The Cruelty of Inclusivism: a UK Perspective
By Michael Reeves –
What does it look like when a church starts to assume that people can be saved without faith in Christ? If I had been left to guess, I might have said it would look much the same, only a bit flabbier: comforted by the thought that good Buddhists and religious Hindus will be saved, the church would lose its evangelistic zeal, of course – but otherwise, life would go on.
However, the situation in Britain today proves that guess wildly over-optimistic. In the last few decades, the belief that people can be saved without trusting Christ has come to be the standard assumption here, even in relatively conservative Christian circles. And wherever that idea reigns, I am seeing a sickness that goes much deeper than apathy. More than no evangelism, it means no real evangel. Quite simply, that is because if ‘salvation’ is thought of as something other than being brought to know Christ, then that ‘salvation’ is something quite different to what Christ himself offers.
Let me back up a bit to tease that out. Jesus Christ does not reveal some ‘God-in-general’, nor does he offer some abstract ‘salvation’. Jesus Christ, the eternal Son of God, reveals a God who is, eternally, a Father. And that affects everything. If, for example, God was not a Father, he could never give us the right to be his children. If he did not enjoy eternal fellowship with his Son, one has to wonder if he has any fellowship to share with us, or if he even knows what fellowship looks like. But given that the God revealed in Christ is a Father, the salvation he offers is all about fellowship – knowing him. Thus to say that it is not important to know Christ explicitly is to say that salvation is something else.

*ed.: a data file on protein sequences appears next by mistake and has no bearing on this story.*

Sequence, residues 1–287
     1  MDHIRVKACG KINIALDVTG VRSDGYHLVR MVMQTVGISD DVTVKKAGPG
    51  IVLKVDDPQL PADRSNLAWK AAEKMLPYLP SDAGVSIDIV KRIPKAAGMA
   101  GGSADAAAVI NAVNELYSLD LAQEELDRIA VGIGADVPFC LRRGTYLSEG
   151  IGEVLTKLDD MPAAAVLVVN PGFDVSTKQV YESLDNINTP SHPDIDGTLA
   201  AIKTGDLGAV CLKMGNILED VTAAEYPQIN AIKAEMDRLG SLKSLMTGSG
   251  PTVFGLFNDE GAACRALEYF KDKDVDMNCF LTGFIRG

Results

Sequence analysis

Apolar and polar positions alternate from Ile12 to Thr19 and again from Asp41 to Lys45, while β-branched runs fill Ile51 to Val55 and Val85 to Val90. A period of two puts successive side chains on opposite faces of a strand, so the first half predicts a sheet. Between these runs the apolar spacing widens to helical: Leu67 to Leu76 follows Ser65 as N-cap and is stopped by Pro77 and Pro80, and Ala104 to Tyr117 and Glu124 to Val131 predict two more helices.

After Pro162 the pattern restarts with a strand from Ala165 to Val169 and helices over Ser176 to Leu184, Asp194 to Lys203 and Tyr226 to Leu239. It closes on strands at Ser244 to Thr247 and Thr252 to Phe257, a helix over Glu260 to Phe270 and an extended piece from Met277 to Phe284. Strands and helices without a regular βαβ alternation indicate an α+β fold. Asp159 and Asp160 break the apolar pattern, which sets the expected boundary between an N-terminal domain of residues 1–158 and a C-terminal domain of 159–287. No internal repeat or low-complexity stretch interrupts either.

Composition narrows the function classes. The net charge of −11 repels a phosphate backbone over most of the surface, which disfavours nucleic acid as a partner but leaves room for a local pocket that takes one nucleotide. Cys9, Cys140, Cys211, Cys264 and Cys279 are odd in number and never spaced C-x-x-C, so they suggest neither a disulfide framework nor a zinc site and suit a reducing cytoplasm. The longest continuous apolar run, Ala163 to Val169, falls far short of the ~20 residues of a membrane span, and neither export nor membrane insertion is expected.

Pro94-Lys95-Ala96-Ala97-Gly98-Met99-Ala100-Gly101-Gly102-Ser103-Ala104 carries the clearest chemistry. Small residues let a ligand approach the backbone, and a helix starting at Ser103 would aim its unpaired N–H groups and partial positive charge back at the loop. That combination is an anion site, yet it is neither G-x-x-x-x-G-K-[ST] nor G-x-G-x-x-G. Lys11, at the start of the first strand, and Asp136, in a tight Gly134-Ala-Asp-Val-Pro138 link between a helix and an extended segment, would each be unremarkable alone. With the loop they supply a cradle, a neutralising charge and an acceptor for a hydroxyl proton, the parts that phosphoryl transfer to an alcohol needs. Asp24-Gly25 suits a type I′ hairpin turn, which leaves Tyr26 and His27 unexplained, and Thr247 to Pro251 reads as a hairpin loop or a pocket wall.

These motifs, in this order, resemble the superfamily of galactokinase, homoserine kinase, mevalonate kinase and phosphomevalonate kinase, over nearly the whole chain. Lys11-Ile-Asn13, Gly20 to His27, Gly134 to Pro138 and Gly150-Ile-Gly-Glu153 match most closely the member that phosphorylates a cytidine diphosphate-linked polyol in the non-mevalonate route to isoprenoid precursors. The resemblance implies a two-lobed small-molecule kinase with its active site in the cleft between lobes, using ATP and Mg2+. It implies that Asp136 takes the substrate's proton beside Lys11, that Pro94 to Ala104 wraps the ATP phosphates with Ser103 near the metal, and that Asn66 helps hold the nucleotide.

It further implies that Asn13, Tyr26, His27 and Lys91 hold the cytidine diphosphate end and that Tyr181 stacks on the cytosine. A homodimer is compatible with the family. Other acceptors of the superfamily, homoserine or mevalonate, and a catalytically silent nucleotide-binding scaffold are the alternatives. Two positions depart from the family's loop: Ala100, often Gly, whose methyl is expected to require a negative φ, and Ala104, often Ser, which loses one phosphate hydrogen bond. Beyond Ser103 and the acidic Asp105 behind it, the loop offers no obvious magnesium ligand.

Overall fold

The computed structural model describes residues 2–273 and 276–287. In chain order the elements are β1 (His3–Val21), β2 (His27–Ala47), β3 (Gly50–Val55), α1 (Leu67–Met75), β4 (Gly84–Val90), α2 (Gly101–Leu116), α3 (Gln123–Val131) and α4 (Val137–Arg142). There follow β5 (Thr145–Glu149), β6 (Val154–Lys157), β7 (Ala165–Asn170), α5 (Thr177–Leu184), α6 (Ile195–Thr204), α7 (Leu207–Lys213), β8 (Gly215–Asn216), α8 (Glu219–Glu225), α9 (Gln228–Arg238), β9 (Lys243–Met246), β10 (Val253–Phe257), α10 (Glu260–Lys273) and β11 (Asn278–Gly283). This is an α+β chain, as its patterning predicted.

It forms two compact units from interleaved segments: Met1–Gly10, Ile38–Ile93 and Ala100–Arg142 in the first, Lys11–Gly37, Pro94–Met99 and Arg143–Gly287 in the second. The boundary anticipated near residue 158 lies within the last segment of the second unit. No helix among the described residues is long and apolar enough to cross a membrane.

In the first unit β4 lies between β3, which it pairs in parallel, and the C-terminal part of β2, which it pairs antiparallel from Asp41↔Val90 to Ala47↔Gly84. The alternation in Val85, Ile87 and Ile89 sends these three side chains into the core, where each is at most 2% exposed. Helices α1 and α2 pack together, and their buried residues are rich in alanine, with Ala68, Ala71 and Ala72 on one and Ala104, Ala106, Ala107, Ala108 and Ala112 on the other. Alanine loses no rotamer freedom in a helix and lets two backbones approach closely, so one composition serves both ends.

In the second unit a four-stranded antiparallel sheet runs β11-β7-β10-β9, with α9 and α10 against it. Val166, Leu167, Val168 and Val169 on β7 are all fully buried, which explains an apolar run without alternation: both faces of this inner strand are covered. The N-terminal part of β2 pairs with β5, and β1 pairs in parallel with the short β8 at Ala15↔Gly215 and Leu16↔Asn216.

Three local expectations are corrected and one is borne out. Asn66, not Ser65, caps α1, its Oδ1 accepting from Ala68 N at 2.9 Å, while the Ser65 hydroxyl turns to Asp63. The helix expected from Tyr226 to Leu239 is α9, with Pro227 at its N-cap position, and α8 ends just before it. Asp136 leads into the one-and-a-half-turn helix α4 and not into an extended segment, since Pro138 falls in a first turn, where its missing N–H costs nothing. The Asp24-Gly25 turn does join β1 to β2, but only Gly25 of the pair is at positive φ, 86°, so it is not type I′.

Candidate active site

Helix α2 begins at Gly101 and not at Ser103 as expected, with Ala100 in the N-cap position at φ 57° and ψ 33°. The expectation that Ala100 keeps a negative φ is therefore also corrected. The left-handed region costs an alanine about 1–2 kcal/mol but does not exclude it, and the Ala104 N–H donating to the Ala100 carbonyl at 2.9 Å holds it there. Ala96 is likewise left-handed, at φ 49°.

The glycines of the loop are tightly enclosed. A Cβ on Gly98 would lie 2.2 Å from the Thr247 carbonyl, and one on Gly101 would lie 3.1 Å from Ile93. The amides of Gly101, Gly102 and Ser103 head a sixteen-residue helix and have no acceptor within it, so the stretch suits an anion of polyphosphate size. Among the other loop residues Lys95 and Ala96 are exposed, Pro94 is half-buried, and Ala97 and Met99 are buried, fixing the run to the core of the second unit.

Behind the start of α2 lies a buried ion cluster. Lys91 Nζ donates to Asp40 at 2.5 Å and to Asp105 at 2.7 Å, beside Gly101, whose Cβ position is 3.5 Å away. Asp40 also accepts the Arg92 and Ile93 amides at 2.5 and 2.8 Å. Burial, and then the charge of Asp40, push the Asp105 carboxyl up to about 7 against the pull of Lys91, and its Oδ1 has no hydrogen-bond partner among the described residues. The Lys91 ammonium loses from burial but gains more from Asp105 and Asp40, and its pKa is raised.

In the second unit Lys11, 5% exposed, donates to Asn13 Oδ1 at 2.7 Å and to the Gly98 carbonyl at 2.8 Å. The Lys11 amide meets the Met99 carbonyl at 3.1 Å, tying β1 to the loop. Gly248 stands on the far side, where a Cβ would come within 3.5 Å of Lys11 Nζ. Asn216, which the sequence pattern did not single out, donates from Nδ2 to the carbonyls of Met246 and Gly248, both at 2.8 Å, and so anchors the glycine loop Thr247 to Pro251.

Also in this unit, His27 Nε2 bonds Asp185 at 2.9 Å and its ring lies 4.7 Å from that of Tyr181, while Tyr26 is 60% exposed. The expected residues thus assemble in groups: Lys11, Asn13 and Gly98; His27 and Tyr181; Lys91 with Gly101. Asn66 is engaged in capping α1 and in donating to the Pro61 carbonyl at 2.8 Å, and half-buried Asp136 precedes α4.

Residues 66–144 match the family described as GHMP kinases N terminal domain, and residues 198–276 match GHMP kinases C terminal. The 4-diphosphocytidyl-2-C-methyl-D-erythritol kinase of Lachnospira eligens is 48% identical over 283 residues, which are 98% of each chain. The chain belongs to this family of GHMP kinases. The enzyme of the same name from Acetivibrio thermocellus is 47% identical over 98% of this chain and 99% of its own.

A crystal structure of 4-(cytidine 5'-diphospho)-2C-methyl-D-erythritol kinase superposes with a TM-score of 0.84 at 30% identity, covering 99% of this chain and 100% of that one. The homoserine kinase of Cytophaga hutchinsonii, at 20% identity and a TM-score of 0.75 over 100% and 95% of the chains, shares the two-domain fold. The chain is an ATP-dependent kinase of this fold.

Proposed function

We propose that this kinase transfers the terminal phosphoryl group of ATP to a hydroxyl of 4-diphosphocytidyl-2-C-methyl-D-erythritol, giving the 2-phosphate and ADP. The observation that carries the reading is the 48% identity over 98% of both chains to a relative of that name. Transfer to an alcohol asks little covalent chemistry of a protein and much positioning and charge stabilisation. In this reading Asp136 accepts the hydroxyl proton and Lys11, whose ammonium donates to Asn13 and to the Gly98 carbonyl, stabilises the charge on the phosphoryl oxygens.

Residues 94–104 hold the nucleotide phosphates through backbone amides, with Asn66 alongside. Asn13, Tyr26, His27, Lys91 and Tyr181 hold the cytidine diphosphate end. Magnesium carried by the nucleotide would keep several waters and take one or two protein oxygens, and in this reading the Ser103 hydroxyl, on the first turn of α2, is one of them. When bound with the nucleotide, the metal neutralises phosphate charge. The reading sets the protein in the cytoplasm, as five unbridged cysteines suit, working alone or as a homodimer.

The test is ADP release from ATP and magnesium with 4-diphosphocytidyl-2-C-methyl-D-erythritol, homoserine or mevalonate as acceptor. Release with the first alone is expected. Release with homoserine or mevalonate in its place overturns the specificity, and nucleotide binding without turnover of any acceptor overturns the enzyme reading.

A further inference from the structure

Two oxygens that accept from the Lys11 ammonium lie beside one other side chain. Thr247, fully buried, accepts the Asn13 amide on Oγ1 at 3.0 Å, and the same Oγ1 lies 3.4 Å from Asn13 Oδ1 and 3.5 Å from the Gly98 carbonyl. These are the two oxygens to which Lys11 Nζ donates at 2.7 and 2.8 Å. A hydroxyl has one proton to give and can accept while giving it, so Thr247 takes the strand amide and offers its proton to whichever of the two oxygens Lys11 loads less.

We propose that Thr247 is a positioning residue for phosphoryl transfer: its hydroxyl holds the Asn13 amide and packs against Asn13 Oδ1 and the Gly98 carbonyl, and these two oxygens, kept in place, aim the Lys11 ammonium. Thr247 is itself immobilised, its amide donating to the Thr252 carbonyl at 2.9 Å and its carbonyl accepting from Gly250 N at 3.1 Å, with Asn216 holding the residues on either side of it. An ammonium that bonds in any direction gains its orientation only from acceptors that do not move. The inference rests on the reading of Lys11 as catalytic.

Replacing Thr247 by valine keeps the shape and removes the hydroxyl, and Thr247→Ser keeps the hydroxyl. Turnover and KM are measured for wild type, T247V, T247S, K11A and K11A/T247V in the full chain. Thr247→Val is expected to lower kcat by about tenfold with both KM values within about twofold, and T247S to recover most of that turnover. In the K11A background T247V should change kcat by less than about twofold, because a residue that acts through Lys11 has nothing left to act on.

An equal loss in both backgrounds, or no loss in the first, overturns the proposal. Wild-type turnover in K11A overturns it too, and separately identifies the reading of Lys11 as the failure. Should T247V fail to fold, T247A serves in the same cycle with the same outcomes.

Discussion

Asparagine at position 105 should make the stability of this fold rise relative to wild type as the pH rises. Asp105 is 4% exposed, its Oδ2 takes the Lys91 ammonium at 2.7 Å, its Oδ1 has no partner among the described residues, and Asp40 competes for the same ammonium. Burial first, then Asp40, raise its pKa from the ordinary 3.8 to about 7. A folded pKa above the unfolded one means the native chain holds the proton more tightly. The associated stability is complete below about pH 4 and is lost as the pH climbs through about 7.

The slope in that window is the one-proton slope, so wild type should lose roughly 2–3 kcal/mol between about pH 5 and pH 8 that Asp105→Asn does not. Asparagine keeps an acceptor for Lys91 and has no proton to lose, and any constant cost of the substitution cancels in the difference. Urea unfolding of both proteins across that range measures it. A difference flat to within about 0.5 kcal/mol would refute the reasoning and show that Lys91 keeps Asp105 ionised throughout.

This was exactly the sort of thing the early post-apostolic Church fought so hard to get right. Take, for instance, the fourth-century debate between Arius and Athanasius. Arius’ prime error was that, ignoring the way, the truth and life, he defined God without the Son. He did not think he needed to know the Son in order to know God. Now Athanasius would be wonderfully relentless in detailing how catastrophic that idea was. If you do not know the Son, you cannot know that God is a Father, that he is, eternally, loving and life-giving. You cannot know that he is inherently gracious. Thus you will be left with a very thin gruel of religion: a life of self-dependent effort under the all-seeing eye of a distant and loveless God who is not a Father and not like Christ.
And this is just what I see in Britain today: where faith in Christ is considered inessential for salvation, there people are left with little more than a boiled-down religiosity – a tedious God and a meagre salvation. It may wear Christian clothing – as Arius did – but anyone who thinks that knowing Christ is superfluous simply cannot have grasped how different the God he reveals is, the nature of his salvation, how great the assurance to be found in him. In which case, no wonder their Christianity seems lifeless and dreary.
At first glance, of course it seems more generous and attractive to ‘lower the bar’ of salvation and make knowledge of Christ unnecessary. But the joyless, unassured lives of so many Christians in Britain testifies to the fact that when knowing Christ is considered insignificant, there is no truly good news left.
Michael Reeves is Head of Theology, UCCF, and the author of The Unquenchable Flame: Discovering the Heart of the Reformation.
This column was taken from the January issue of Credo Magazine, “In Christ Alone.” Read others like it today!
The January issue argues for the exclusivity of the gospel, especially in light of the movement known as inclusivism. This issue will seek to answer questions like: Can those who have never heard the gospel of Christ be saved? Will everyone be saved in the end or will some spend an eternity in hell? Must someone have explicit faith in Christ to be saved? Contributors include David Wells, Robert Peterson, Michael Horton, Gerald Bray, Todd Miles, Todd Borger, Ardel Caneday, Nathan Finn, Trevin Wax, Michael Reeves, and many others.
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